Concept

The Magic Words are Squeamish Ossifrage

Summary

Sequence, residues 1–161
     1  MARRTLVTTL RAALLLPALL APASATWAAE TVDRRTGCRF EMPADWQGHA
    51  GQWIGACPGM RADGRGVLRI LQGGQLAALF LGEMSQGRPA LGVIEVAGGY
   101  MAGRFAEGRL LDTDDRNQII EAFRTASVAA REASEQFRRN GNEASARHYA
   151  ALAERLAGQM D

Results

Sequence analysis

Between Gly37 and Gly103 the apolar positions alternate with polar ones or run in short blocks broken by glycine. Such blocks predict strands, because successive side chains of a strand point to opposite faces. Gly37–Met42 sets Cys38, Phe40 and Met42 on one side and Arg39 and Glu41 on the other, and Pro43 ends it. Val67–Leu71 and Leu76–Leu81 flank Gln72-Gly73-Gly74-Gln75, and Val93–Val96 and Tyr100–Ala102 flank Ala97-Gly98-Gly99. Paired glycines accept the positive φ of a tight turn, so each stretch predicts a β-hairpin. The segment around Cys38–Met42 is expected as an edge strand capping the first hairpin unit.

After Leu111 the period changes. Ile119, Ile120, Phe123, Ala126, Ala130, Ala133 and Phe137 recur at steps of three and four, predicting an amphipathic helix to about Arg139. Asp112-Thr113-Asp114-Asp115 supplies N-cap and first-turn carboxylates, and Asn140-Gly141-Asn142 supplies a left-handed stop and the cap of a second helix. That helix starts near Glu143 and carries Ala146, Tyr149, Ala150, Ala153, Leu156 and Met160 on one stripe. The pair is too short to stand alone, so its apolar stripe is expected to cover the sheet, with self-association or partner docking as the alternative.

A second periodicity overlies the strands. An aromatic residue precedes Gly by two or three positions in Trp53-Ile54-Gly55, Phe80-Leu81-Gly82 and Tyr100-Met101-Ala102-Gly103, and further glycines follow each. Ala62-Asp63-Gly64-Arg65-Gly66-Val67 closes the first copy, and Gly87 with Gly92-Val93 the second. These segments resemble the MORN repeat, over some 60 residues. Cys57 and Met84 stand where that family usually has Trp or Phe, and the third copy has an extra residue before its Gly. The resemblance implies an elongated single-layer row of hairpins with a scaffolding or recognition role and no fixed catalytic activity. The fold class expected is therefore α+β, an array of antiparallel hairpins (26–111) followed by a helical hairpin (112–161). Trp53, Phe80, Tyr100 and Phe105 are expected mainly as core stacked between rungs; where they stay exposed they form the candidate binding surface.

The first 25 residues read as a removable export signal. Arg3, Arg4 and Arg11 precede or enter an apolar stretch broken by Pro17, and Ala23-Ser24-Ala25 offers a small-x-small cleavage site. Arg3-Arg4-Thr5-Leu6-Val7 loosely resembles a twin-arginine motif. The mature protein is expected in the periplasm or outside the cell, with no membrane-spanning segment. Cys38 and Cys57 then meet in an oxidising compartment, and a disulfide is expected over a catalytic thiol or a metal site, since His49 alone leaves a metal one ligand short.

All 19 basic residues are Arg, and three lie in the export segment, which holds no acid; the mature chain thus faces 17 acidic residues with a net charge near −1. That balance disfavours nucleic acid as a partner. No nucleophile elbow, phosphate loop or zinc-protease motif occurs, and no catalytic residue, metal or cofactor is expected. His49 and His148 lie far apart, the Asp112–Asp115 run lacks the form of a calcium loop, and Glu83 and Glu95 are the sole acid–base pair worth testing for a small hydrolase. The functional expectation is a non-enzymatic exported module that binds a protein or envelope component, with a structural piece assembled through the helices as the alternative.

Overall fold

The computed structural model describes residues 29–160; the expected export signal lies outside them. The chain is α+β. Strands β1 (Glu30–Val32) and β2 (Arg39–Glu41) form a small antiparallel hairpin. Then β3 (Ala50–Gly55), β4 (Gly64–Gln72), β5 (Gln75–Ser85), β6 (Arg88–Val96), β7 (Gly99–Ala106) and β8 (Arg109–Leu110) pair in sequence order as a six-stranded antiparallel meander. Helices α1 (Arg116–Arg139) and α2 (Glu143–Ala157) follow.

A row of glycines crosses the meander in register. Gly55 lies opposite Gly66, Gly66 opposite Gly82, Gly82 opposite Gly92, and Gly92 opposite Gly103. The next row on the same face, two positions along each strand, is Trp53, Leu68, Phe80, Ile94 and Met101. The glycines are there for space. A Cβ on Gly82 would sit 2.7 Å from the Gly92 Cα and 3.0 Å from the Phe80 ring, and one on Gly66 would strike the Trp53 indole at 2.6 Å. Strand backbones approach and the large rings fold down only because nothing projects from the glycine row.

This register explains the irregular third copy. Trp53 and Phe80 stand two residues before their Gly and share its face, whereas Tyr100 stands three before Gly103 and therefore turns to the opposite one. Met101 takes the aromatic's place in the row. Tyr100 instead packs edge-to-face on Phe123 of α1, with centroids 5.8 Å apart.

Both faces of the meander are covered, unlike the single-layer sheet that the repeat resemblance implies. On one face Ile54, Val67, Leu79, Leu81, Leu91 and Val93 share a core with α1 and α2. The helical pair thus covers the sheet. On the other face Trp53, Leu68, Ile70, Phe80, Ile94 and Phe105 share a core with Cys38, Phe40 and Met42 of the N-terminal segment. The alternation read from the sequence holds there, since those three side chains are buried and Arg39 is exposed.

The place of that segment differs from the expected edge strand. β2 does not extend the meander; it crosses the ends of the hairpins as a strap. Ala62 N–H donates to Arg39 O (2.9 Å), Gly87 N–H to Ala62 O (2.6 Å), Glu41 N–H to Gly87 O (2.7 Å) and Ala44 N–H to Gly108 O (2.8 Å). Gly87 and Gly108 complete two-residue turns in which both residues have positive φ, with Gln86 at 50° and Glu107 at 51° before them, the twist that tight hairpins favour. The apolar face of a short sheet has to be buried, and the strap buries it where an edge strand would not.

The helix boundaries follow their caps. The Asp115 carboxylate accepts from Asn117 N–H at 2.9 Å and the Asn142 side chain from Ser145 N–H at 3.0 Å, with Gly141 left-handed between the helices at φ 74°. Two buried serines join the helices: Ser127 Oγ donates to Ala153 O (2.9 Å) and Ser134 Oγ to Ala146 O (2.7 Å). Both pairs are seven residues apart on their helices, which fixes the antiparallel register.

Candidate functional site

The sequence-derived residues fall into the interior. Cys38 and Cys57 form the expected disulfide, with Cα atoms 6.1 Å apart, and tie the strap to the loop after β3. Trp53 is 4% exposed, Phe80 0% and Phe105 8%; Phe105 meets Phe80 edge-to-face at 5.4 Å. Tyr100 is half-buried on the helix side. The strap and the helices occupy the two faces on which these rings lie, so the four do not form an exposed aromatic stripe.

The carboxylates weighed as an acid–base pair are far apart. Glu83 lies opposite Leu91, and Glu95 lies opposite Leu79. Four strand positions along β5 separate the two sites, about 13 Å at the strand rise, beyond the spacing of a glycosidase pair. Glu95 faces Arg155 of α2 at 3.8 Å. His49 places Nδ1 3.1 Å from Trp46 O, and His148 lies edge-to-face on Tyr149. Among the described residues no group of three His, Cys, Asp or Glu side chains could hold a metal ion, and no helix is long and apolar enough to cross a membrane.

"The Magic Words are Squeamish Ossifrage" was the solution to a challenge ciphertext posed by the inventors of the RSA cipher in 1977. The problem appeared in Martin Gardner's Mathematical Games column in the August 1977 issue of Scientific American. It was solved in 1993–94 by a large, joint computer project co-ordinated by Derek Atkins, Michael Graff, Arjen Lenstra and Paul Leyland. More than 600 volunteers contributed CPU time from about 1,600 machines (two of which were fax machines) over six months. The coordination was done via the Internet and was one of the first such projects. Ossifrage ('bone-breaker', from Latin) is an older name for the bearded vulture, a scavenger famous for dropping animal bones and live tortoises on top of rocks to crack them open. The 1993–94 effort began the tradition of using the words "squeamish ossifrage" in cryptanalytic challenges. The difficulty of breaking the RSA cipher—recovering a plaintext message given a ciphertext and the public key—is c
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